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Things Your Tenant Should not be Allowed to do


Interior décor of a rental unit

As a landlord, managing tenants will probably always be your toughest task.

How you behave and act will ultimately dictate your tenant’s behavior. You’ll have to familiarize yourself with the terms and conditions of the lease, your tenant’s legal rights, and the various aspects of tenancy. Remember, there is no shortage of landlords who face troubles with tenants who are unable to communicate and enforce boundaries.


Here are some words of advice on what tenants aren’t allowed to do.


Paying Late Rent


It’s not uncommon for some tenants to pay their dues after the agreed-upon deadline simply because they want to test how you will react. Many landlords try to go easy on their tenants to help them out and excuse late rent. There’s nothing wrong with this approach – as long as it’s employed rarely. Some tenants see their landlord’s leniency as a sign of weakness and realize they can get away with it next time.


This is why it is imperative to communicate the importance of paying the rent on time – even if you want to excuse your tenant. You’ll hear many excuses from tenants about why they’re late this time – but it’s important to draw a line.


Having Pets on Your Property


Unless you have special arrangements to account for the damage small animals can do to your property, it’s probably best to restrict pets on your rental property. Furry animals, as cute as they are, create all kinds of messages from fur and dander to urine and fecal matter. While these can be swooped up with a broom and dustpan, the same can’t be said about the damage done to your yard and baseboards.


This restriction may turn away interested tenants, but preventing pets on your rental property will protect your home in the long run. The last thing you want is to have to explain the smell and the run-down condition of your rental unit to future renters. This is a problem you probably don’t want to deal with.


Listing Your Rental Property on Airbnb


Tenants do not have the right to let anyone else live on your property without your permission. That should be obvious but some people don’t always understand. It isn’t uncommon for some tenants to list your rental unit on sites like Airbnb to make some extra money while they’re out of town.


This is something you should not allow. Airbnb is a great platform for landlords, it’s not a tool for tenants. In addition to specifically prohibiting subletting on your lease agreement, you should be prepared to have a conversation with the tenant that they cannot put the rental unit on a platform like Airbnb or rent the property to someone else without your permission.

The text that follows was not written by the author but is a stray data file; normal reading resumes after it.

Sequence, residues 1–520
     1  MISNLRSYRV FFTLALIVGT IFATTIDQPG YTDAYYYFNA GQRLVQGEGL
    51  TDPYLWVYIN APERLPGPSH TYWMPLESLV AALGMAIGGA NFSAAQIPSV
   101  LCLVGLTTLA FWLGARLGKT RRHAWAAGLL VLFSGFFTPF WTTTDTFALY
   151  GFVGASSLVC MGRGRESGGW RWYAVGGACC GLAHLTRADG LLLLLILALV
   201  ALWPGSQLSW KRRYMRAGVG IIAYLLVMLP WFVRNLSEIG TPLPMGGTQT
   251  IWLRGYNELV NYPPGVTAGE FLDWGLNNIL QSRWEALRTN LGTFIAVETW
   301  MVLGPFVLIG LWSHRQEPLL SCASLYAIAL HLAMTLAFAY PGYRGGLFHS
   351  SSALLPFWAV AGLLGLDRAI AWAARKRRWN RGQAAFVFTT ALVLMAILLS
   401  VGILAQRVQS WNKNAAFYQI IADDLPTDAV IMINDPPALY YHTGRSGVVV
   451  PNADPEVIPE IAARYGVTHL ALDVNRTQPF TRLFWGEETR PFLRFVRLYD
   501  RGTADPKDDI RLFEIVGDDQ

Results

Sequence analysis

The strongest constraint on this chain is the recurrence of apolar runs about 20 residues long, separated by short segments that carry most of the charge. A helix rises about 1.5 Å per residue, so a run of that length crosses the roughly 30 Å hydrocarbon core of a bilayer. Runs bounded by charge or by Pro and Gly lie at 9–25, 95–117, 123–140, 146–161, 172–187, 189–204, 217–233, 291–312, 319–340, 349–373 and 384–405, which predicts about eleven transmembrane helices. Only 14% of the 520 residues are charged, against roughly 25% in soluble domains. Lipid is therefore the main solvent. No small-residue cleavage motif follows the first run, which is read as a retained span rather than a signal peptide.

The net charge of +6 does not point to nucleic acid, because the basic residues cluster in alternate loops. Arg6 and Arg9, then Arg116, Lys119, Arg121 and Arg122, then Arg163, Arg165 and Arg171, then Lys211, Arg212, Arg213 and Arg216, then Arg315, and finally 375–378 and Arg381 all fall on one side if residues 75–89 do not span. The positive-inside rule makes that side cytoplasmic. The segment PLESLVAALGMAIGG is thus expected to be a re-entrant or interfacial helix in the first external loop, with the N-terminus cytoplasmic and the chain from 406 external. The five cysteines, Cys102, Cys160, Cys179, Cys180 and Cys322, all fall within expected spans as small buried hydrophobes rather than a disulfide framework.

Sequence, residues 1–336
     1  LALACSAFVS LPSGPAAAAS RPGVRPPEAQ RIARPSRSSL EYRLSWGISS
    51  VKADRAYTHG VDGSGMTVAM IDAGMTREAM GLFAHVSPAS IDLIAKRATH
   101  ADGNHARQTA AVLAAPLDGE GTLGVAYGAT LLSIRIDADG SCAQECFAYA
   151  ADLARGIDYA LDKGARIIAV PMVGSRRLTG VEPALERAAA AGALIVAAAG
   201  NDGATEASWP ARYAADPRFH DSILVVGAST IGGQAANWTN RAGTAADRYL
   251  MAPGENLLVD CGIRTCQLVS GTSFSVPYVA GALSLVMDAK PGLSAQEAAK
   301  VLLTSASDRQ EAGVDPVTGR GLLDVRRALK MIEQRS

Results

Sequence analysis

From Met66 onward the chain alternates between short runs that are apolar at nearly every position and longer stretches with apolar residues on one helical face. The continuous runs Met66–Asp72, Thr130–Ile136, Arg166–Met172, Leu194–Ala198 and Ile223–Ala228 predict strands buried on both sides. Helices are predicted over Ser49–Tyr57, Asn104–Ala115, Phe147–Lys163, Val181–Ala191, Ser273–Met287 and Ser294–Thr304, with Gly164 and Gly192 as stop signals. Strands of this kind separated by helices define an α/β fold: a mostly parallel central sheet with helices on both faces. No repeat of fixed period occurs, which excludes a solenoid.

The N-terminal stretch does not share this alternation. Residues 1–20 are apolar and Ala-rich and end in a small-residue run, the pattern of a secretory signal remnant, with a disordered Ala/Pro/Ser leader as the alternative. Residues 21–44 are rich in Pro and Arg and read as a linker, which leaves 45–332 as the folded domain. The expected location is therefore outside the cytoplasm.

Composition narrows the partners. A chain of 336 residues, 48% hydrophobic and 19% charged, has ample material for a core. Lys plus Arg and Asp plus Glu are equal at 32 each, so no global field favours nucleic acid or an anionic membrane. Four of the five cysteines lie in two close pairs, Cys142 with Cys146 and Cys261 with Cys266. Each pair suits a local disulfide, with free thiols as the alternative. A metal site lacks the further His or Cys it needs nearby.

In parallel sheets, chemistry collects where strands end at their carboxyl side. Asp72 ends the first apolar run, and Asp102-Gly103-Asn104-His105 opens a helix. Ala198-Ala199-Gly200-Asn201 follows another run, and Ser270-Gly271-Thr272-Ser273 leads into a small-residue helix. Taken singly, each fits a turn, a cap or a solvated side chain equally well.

It’s okay for tenants to let a friend stay at your rental unit for a day or two, but if this becomes a permanent arrangement, then you should be taken into confidence first.


Smoking and Doing Drugs


Fixing the damage done to your property due to drugs can cost an arm and a leg.

And drugs or any sort of illegal activity could get you involved with law enforcement even if you aren’t directly involved. If you suspect your tenant of conducting illegal activity on your property, you are required by law to get LEA involved. Not doing so could put you in a world of legal mess that could take a long time to fix.


Making Adjustments to the Landscape


It’s nice to have a tenant who cares about your property as if it’s their own. Basic landscaping such as picking the leaves and mowing the lawn is good for your property. But you don’t want your tenant making significant changes to the landscape without informing you first. This means they shouldn’t be taking down trees, planting new shrubs, or removing large branches unless you give prior permission.


Painting or Renovating Without Your Permission


Just like landscaping, your tenants should not be allowed to renovate the home without your permission. Even if the renovation is minor and you’re okay with it, your tenants should still run it by you. It’s a matter of principle at this point.


Wrapping Up


As a landlord, your priority should be to protect your property from damage, minimize your liability associated with the tenant, and collect your rent on time.


Treat your property as an investment. It’s a good idea to get in touch with a property manager near you to handle everything for you – from rent collection to property maintenance and even finding new tenants.

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